Last weekend, the world’s biggest fighting games tournament, Evolution Championship Series—colloquially known as EVO—featured a cavalcade of announcements like rollback netcode coming to a couple fighting games in desperate need of it as well as some sleek character announcement trailers. But what almost didn’t make the event, thanks to some last-minute hold-ups on the part of music streaming service distributors, was the fighting game tourney’s official soundtrack.
The new album Believe: The Music Of EVO 2022 was conceived to be the official soundtrack for EVO 2022. In it, not only does hip-hop artist and project organizer Zaid Tabani deliver a long-awaited update to his 2011 FGC anthem “Evolve,” but mainstay EVO games like Tekken, Street Fighter, Guilty Gear, and Mortal Kombat received original songs as well. Other writers and performers include well-known artists like Tee Lopes, the composer for TMNT: Shredders Revenge, Casey Williams of RWBY fame, and Mega Ran.
All very well, and to hear the contributors tell it, the album came together beautifully. The one thing they didn’t anticipate was a last-minute hold-up from the company they’d picked to release it onto streaming services. That sent Tabani scrambling, and in the end Believe barely squeaked out onto the internet on the last day of the tournament. (Luckily, EVO itself already had all the tracks in hand, so viewers still got to hear them in the livestream during the appropriate parts of each EVO tournament event.)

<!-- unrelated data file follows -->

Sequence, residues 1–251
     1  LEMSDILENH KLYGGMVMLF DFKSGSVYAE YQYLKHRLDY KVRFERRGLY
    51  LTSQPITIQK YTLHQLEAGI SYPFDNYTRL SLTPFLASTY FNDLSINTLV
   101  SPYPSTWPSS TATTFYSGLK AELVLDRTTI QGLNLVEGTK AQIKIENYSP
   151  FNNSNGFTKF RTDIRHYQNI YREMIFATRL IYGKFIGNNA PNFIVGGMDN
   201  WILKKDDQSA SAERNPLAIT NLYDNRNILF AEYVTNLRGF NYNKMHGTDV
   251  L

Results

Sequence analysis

In any case, Believe: The Music of EVO 2022 is now out in all the usual places (also Bandcamp, YouTube) and is simultaneously a relaxing and hype AF listening experience. I sat down with Mega Ran, Casey Williams, and Tabani to talk about their experiences working on the soundtrack and ask what EVO and the fighting game community means to them.
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Back in late 2021, Tabani gathered a bunch of musicians, whom Mega Ran referred to as “a murderers’ row of talent,” to put together Believe.
“My goal was for people who have never stepped foot in an EVO, who don’t know what the fuck Street Fighter is, who have never heard of [anime fighting game] Granblue can listen to this and feel like, ‘Oh man, it feels like a family. I wanna kind of be there,” Tabani said.
Alongside this guiding principle, Tabani said that, to bring authenticity to the soundtrack, it was imperative for each musician to both be passionate for the games they wrote songs for and have a vast understanding of them.
“EVO is the most hardcore of the hardcore and I mean that in the best way possible,” Mega Ran said. “But these folks can definitely sniff out a phony and will call you to the carpet on it, so it’s important to really love what you’re doing.”